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Solar Ready Area
In California, solar energy is a major focus of alternative energy. Solar panels create energy for a building, while making use of extra space on the rooftop. Switching to “greener” means of production has been incentivized by state legislature in the form of a tax refunds, loans, mortgage programs, etc. According to legislature by the California Energy Commission, all newly erected or altered buildings must have a Solar Ready Area (SRA*). This means all buildings must have sufficient space for panels. It’s part of building codes that we, here at BarrierEnergy inspect and audit for. We’re very proud our state has decided to adopt this pioneering approach, and we are sure other states will want to follow suit in a myriad of ways. If you’re in construction and need a HERS Rater to complete your SRA paperwork, reach out to our team today. Our company headquarters is located in Santa Barbara, California.
The state of California took this step to prepare its residence for the next stage, which will require that solar panels are installed on all new rooftops. Any constructions projects that had their permits pulled in 2020 are subject to the new set of energy efficiency building codes. Even as pioneering as we are here in California, we still keep our eyes out to find examples worldwide of this pivoting of resources towards a more sustainable way of life.
Green Goals – Solar for a Norwegian Soccer Stadium
This Norwegian soccer club takes a pragmatic approach to their rooftops, but takes it a step farther. Their array boasts 5,700 meters, or roughly 3.5 miles of solar for their retractable roof. This can generate upwards of 800kWp, which essentially tells us how much energy can be produced at peak sunlight hours. This not only generates electricity that is needed inside the stadium, such as floodlights and other lighting, but can also be connects to the grid which provides power to nearby neighborhoods. This is an excellent example of how a micro-grid system can work to benefit larger networks of energy consumers. What’s more, it’s an excellent example of how energy production can come from a source where it’s not necessarily expected.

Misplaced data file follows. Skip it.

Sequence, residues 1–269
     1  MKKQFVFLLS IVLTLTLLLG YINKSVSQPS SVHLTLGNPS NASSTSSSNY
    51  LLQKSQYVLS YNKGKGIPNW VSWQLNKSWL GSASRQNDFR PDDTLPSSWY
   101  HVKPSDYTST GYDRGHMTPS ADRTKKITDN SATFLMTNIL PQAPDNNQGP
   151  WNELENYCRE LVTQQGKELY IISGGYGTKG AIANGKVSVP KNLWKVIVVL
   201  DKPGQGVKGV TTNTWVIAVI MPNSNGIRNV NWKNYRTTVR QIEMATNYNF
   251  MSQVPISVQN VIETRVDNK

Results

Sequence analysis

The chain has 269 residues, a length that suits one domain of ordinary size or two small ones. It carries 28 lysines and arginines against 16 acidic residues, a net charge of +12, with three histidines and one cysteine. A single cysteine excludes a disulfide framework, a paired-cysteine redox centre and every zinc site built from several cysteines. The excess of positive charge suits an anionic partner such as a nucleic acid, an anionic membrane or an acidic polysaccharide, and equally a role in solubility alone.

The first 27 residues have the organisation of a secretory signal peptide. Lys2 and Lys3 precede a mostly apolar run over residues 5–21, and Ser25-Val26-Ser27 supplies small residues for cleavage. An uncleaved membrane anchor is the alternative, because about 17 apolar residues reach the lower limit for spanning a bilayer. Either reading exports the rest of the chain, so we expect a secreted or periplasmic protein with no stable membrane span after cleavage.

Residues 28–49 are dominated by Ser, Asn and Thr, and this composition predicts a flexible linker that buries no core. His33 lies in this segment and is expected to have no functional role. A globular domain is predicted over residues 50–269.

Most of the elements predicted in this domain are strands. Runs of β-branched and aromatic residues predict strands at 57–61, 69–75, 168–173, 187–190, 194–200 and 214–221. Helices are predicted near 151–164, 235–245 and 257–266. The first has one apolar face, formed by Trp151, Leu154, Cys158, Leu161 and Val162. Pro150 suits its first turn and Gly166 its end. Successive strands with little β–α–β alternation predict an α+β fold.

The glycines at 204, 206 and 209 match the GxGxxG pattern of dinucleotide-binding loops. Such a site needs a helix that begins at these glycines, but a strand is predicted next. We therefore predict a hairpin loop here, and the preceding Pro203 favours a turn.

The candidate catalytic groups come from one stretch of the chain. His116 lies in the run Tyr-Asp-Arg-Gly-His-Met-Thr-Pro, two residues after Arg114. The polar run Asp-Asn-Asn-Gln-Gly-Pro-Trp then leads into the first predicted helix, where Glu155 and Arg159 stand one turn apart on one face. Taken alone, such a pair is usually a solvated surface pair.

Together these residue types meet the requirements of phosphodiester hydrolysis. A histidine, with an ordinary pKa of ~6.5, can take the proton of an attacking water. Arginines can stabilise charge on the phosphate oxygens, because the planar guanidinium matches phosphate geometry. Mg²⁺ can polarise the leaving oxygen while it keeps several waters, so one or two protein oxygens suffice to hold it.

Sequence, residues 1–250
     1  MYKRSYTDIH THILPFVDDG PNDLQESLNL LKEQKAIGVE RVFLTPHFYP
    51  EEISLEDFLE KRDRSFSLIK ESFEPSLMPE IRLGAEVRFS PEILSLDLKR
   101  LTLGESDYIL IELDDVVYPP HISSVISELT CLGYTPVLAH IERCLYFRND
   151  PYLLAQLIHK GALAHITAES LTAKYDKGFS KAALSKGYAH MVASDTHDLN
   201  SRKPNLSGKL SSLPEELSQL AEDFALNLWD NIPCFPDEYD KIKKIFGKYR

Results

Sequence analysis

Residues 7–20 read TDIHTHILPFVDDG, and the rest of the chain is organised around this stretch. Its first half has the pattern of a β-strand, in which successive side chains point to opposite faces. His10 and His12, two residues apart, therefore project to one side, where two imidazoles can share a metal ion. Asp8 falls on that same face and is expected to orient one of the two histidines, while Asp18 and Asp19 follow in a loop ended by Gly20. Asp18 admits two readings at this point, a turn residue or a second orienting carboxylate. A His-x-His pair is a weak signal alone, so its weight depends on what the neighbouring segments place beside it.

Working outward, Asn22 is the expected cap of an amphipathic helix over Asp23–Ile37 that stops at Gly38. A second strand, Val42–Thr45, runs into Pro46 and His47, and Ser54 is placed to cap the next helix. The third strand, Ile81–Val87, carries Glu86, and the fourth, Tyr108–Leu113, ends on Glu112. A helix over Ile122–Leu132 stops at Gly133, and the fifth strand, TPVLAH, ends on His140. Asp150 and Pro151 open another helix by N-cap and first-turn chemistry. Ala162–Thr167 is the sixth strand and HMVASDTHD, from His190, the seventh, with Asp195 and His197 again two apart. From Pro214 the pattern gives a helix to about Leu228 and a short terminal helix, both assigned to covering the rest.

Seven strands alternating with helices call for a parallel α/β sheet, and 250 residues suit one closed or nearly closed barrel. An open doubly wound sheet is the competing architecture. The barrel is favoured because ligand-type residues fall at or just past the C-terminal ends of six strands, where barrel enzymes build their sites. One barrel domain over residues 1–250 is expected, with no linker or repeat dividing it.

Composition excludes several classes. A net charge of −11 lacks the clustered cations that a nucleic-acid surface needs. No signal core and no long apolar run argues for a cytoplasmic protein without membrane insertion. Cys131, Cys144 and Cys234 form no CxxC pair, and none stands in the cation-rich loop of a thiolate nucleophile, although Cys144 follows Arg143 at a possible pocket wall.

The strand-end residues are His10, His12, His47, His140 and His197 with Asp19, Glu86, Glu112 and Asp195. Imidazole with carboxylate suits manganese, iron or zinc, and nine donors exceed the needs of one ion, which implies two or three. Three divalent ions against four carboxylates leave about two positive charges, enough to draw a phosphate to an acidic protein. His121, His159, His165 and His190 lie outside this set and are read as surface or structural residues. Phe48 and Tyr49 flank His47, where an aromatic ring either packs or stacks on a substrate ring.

As projects like these have taken up international interest, we are seeing specialized advances that make technology like this more accessible. More people are becoming aware of the nuances of solar energy, and coming up with solutions to them. Take for example the challenge of powering a home through a 24 hour window. There will be times of the day when solar power production is at its peak, easily powering all of a homes needs. However, there will also be times when it’s cloudy out or the sun is down. Elegant solutions such a “load tiering” can distinguish between high-priority energy needs like refrigeration versus lower priority needs like air. These “smart switches” know that high priority energy consumption needs to happen 100% of the time and knows that it can stop serving power to low priority energy consumption for part of the day, and the need for these regulative advances are coming into greater focus.
Solar for the Future
This is a hot topic right now, both overseas and here in the US. Right now about $65 million in grants has been allocated by the Dept. of Energy to implement Microgrid systems in what is coined as “Connected Communities.” This tells us there is a great interest in diversifying the way we approach energy production, distribution and consumption. One recurring common theme is decentralization, moving away from a highly centralized system. We look forward to seeing what kinds of interesting and potentially unexpected projects will come into being through this investment. 
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